Forcing deletion of images that have multiple tags

By default, docker will not remove an image if it is tagged in multiple repositories. If you have a server running docker where this is the case, for example in CI environments where dockers are being built, re-tagged, and pushed, you can enable a force flag to override this default.

FORCE_IMAGE_REMOVAL=1 docker-gc

Preserving a minimum number of images for every repository

You might want to always keep a set of the most recent images for any repository. For example, if you are continually rebuilding an image during development you would want to clear out all but the most recent version of an image. To do so, set the MINIMUM_IMAGES_TO_SAVE=1 environment variable. You can preserve any count of the most recent images, e.g. save the most recent 10 with MINIMUM_IMAGES_TO_SAVE=10.

Forcing deletion of containers

By default, if an error is encountered when cleaning up a container, Docker will report the error back and leave it on disk. This can sometimes lead to containers accumulating. If you run into this issue, you can force the removal of the container by setting the environment variable below:

FORCE_CONTAINER_REMOVAL=1 docker-gc

Excluding Recently Exited Containers and Images From Garbage Collection

By default, docker-gc will not remove a container if it exited less than 3600 seconds (1 hour) ago. In some cases you might need to change this setting (e.g. you need exited containers to stick around for debugging for several days). Set the GRACE_PERIOD_SECONDS variable to override this default.

GRACE_PERIOD_SECONDS=86400 docker-gc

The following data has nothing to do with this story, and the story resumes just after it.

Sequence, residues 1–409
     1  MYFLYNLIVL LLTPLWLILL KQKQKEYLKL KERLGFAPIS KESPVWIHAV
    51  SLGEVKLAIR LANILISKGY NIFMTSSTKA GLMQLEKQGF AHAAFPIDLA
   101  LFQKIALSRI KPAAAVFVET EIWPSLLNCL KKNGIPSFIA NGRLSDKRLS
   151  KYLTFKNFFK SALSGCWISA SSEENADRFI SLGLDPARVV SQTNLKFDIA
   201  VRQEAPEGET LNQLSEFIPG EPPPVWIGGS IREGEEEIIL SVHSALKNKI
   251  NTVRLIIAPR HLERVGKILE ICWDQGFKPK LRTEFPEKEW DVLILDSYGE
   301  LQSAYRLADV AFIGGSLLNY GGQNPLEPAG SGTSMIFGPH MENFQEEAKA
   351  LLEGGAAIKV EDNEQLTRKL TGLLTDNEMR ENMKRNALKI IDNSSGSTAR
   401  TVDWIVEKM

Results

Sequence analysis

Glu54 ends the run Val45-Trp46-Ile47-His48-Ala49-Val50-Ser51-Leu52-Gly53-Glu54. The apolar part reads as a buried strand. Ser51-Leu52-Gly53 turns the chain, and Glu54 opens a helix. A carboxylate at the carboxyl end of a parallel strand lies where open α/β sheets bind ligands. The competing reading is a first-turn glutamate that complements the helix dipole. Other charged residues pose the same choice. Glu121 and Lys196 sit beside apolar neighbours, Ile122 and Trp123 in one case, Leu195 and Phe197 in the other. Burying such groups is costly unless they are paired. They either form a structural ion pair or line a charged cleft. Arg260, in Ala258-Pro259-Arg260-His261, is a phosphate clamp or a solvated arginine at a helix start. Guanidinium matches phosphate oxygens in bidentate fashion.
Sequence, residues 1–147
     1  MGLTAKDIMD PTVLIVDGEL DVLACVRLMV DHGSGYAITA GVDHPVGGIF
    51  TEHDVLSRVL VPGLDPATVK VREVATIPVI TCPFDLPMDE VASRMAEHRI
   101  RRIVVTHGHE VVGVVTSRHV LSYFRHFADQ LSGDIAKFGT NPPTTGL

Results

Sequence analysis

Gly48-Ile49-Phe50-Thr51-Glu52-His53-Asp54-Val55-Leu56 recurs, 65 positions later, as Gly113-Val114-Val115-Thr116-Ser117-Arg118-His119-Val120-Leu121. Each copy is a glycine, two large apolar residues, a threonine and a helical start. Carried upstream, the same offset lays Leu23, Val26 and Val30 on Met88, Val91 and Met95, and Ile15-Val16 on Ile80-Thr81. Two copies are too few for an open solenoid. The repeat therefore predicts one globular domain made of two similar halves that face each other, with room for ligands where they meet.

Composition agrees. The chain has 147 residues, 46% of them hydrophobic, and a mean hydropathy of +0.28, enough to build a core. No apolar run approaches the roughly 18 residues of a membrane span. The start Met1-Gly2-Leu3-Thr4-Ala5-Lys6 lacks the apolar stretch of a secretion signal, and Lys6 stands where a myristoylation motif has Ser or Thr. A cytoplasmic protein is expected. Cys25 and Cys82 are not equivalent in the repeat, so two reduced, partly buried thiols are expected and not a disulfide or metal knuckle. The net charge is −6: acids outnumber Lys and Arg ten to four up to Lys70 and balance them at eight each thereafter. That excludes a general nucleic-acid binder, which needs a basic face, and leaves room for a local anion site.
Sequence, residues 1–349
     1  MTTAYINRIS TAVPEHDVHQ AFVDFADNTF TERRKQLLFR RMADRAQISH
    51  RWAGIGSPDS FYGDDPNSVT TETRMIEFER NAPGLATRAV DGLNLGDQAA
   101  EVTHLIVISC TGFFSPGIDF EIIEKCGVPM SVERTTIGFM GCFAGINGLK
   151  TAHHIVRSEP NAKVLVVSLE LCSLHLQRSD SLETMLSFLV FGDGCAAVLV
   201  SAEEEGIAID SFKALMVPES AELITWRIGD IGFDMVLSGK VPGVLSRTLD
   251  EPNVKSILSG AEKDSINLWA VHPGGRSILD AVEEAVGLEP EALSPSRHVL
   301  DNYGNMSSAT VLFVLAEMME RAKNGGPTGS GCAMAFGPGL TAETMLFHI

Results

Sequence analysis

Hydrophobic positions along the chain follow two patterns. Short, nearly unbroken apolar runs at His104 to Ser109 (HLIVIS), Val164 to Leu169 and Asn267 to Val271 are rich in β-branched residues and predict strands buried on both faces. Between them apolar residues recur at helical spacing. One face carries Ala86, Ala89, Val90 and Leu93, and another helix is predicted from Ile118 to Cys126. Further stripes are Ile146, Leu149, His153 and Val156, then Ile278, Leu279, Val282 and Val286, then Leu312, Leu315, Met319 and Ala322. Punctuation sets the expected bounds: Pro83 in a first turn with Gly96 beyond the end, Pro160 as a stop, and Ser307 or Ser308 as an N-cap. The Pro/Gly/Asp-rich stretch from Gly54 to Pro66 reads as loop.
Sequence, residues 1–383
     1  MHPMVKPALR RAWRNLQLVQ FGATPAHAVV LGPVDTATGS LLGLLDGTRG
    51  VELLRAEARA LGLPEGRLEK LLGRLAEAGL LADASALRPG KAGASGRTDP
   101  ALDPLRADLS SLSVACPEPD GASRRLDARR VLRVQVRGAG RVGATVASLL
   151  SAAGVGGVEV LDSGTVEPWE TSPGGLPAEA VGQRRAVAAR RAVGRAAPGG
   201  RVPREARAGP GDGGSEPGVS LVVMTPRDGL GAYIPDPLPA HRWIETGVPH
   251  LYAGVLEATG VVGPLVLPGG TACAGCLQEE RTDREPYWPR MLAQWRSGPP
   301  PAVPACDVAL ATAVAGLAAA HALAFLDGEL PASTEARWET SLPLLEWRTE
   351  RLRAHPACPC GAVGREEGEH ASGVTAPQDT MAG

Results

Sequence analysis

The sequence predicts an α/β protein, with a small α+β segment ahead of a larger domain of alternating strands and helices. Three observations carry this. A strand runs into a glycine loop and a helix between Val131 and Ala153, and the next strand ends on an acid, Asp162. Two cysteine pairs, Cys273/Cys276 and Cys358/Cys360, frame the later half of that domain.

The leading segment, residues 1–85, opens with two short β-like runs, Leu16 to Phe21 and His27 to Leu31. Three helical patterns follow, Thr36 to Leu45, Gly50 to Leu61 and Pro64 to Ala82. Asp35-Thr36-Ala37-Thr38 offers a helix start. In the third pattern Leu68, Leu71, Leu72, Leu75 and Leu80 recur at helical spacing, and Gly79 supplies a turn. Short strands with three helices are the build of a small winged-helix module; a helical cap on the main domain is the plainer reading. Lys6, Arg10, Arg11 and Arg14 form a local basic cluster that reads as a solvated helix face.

This setting also prevents the removal of images that have been created less than GRACE_PERIOD_SECONDS seconds ago.

Dry run

By default, docker-gc will proceed with deletion of containers and images. To test your command-line options set the DRY_RUN variable to override this default.

DRY_RUN=1 docker-gc

Running as a Docker Image

A Dockerfile is provided as an alternative to a local installation. By default the container will start up, run a single garbage collection, and shut down.

The image is published as spotify/docker-gc.

Building the Docker Image

The image is currently built with Docker 1.12.4, but to build it against a newer Docker version (to ensure that the API version of the command-line interface matches with your Docker daemon), simply edit the ENV DOCKER_VERSION line in Dockerfile prior to the build step below.

Build the Docker image with make -f Makefile.docker image or:

docker build -t spotify/docker-gc .

Running as a Docker Container

The docker-gc container requires access to the docker socket in order to function, so you need to map it when running, e.g.:

docker run --rm -v /var/run/docker.sock:/var/run/docker.sock -v /etc:/etc:ro spotify/docker-gc

The /etc directory is also mapped so that it can read any exclude files that you've created.

If you want to remove volumes, you can do so by passing REMOVE_VOLUMES env var set to 1.

$ docker run --rm -v /var/run/docker.sock:/var/run/docker.sock -v /etc:/etc -e REMOVE_VOLUMES=1 spotify/docker-gc

If you want to remove volumes only for a specified driver, you can do it by passing VOLUME_DELETE_ONLY_DRIVER env var set to the driver name.

If your docker daemon is configured to run with user namespace, you will need to run the container with user namespace disabled:

docker run --rm --userns host -v /var/run/docker.sock:/var/run/docker.sock -v /etc:/etc spotify/docker-gc